In Japan, you don't take things home. Portions are also much smaller when compared with your average American portion. So, I don't think this problem would occur. Also, bear in mind that in Japan it's polite to eat every last grain of rice on your plate - out of respect for the farmers that grew it. He's merely enforcing cultural standards.
Point taken. But mail is a basic function that everybody can use (and the interface is pretty straight forward). But what I was trying to elude to was these more advanced features the parent mentioned - Wifi Sharing, trackpad emulation, facial recognition etc.. who uses those? It seems like features just to have a checkbox rather than actual features that people actually use.
What good are those features if you can't find (and thus can't use) them in the (mostly) horrible interface that make up Japanese cellphones?
I dunno, my old Docomo Foma F703i had a front face camera. Could use it to do video calls etc...and this was a few years ago. Didn't really use it that often though.
Hugh Pickens writes "New cars and trucks will have to get 30 percent better mileage starting in 2016 under an Obama administration move to curb emissions tied to smog and global warming. While the 30 percent increase would be an average for both cars and light trucks, the percentage increase in cars would be much greater, rising from the current 27.5 mpg standard to 42 mpg. Environmentalists praised the move. Carl Pope, executive director of the Sierra Club, called it 'one of the most significant efforts undertaken by any president, ever, to end our addiction to oil and seriously slash our global warming emissions.' Obama's plan also would effectively end litigation between states and automakers that had opposed state-specific rules, arguing that having to meet several state standards would be much more expensive for them than just one federal rule. The Detroit News reported that automakers were on board with the new rule and had worked with the administration on creating a timeline for the transition." There's a case to be made that raising the CAFE won't save oil or reduce greenhouse gases.
In typical slashdot fashion I have yet to RTFA before I comment, but I would assume that they want something where the local weather conditions are not collected by volunteers (although I totally dig their dedication to what they are doing).
I've got a 7.2Mb/384kbit wireless card as my main internet connection in Japan for about $50/month. I am a very heavy user (a few GB/day down is not unusual (all legal, no bit torrent etc.) and haven't noticed any problems except for the some latency issues when using facebook or what not. Note that it is still plenty fast to stream youtube/dailyshow etc.. without any major problems. It really depends on what unlimited means and the coverage in your area. Here unlimited seems to really mean unlimited. Thus at least for me, I think switching to a 3G connection as your main/only connection to the internet is completely viable.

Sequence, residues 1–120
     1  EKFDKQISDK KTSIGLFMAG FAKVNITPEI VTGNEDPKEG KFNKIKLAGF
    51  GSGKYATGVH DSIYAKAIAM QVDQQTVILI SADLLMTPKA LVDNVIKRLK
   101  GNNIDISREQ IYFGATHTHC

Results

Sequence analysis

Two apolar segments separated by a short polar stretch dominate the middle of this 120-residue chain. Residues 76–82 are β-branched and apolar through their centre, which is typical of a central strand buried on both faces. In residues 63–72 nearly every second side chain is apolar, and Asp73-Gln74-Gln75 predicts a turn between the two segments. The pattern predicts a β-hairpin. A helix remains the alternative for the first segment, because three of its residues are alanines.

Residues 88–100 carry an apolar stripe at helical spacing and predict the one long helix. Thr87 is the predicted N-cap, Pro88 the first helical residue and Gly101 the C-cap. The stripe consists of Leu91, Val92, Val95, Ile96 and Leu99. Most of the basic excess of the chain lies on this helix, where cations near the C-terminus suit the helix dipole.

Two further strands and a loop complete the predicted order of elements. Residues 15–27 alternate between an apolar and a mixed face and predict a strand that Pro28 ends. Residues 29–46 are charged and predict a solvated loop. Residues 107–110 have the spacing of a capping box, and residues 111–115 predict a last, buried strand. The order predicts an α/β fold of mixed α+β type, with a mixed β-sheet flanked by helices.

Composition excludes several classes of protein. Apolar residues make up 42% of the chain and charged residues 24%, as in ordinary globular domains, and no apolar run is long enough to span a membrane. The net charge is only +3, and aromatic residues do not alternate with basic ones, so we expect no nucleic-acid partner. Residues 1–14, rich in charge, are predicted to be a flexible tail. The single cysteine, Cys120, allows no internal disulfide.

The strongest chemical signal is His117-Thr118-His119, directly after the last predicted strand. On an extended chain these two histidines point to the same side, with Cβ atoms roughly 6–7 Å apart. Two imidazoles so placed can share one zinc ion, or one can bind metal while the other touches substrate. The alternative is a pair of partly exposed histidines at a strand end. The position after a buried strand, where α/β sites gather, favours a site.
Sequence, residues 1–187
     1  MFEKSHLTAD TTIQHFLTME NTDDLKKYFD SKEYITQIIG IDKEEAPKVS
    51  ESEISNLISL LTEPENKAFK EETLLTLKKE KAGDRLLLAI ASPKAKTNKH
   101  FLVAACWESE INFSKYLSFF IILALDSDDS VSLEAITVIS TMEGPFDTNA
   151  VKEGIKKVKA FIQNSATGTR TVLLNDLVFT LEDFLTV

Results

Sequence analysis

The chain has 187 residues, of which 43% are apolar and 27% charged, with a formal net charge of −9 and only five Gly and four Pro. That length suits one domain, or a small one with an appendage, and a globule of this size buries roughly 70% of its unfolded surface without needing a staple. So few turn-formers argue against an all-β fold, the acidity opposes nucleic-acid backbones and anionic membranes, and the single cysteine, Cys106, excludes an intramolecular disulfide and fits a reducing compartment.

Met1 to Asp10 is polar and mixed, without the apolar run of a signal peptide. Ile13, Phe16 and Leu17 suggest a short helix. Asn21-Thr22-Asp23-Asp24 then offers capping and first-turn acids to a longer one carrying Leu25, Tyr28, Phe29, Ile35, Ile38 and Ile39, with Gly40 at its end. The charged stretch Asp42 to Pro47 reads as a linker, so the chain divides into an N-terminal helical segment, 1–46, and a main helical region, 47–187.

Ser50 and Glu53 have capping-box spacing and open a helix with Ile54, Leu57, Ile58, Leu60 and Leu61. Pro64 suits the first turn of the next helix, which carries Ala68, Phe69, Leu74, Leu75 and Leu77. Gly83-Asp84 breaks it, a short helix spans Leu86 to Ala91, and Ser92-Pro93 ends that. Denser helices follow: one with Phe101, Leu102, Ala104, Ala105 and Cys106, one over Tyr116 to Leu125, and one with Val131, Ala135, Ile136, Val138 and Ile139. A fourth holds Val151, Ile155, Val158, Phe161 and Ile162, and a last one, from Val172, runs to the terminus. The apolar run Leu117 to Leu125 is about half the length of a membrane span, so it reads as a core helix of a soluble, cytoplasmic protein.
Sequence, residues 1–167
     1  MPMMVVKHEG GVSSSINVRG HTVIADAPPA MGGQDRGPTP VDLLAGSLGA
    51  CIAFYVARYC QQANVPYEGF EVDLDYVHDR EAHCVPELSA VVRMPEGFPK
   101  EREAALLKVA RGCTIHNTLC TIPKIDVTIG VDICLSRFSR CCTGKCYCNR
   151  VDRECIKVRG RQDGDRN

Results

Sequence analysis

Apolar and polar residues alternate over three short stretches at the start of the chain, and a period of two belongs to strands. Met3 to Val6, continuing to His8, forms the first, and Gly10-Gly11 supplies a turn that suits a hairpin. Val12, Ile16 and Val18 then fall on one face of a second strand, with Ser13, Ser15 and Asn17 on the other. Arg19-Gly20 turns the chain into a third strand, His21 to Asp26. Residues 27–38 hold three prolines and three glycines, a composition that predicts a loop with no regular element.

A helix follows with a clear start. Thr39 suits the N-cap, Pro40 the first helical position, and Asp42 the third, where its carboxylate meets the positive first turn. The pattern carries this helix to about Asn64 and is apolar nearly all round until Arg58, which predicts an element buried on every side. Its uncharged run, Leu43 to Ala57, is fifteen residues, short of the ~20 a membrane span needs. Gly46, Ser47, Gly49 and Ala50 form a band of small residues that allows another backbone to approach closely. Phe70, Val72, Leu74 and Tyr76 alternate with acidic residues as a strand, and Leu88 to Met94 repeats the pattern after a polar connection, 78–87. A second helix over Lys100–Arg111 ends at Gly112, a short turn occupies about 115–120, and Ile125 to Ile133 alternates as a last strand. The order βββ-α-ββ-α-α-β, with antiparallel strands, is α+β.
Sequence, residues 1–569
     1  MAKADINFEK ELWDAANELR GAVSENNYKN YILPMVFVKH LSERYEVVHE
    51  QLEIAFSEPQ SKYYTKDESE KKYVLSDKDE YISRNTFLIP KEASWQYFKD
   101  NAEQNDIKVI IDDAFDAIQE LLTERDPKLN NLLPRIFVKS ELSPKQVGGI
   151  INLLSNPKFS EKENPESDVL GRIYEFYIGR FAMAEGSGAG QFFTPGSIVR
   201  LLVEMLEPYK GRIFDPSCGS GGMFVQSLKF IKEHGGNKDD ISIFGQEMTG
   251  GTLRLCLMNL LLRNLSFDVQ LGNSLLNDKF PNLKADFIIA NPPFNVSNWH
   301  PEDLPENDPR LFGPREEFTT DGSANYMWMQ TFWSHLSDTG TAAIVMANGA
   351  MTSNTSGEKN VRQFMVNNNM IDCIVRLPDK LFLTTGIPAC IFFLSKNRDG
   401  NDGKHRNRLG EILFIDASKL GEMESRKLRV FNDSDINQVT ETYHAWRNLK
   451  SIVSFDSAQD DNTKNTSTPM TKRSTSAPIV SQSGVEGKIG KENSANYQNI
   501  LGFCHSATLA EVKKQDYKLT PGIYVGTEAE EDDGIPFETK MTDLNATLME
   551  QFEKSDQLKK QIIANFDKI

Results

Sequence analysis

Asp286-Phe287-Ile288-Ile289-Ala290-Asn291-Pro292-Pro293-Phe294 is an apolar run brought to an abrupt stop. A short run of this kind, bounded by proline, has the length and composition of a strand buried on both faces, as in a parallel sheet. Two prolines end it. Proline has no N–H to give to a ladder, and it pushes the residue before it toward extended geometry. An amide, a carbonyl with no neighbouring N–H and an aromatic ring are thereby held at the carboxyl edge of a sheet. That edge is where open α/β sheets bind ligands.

I guess the difference is that in Japan, all phones have had push email accounts for years. Instead of being @mobileme or @yahoo.com they are @carrier.jp and are created when you purchase your phone. Instead of being charged per message, you are charged per packet. So if you like to write very long winded messages, they will end up costing you (marginally) more. In Japan, the push problem is solved without MMS. It just takes all the carriers to cooperate with each other for the benefit of everyone. And as a Tokyoite, I thank them.
Charbax writes "You didn't get to go to CES in Las Vegas this time? Then you can watch hours of coverage in HD. All the coolest gadgets are there. Including 4 extensive videos of the OLPC, demonstrated running the Pepper Linux OS implementation of Fedora Core (this is not the Sugar interface), interviews, UMPCs, Cowon's Wi-Fi connected PMP, vaccum-cleaning and mopping Robots and more."
priestx (822223) writes "A Californian woman who took part in a water-drinking contest to win a video game system has died of water intoxication, tests have shown. Jennifer Strange had taken part in the "Hold Your Wee for a Wii" game run by KDND 107.9 radio in Sacramento, which promised the winner a Nintendo Wii. A work colleague said Ms Strange had reported her head was hurting hours after the contest and was going home."